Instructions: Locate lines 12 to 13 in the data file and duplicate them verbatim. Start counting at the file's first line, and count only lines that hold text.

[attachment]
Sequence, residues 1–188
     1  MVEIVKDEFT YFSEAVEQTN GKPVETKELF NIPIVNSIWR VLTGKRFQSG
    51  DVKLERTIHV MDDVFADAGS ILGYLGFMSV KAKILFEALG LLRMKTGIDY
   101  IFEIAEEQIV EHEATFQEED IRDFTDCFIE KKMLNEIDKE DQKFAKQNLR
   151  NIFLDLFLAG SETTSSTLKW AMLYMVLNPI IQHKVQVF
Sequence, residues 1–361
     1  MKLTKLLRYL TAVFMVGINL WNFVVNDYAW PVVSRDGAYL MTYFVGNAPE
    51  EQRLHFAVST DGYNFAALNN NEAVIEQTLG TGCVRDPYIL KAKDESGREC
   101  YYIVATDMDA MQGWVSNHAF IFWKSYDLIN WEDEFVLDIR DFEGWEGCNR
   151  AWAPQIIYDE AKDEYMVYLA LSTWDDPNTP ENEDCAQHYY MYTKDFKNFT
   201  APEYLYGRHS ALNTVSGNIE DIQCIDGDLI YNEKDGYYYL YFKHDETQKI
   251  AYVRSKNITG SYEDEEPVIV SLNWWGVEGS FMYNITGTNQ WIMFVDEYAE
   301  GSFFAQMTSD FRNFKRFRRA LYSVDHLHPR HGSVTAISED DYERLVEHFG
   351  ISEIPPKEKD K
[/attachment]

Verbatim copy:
   251  AYVRSKNITG SYEDEEPVIV SLNWWGVEGS FMYNITGTNQ WIMFVDEYAE
   301  GSFFAQMTSD FRNFKRFRRA LYSVDHLHPR HGSVTAISED DYERLVEHFG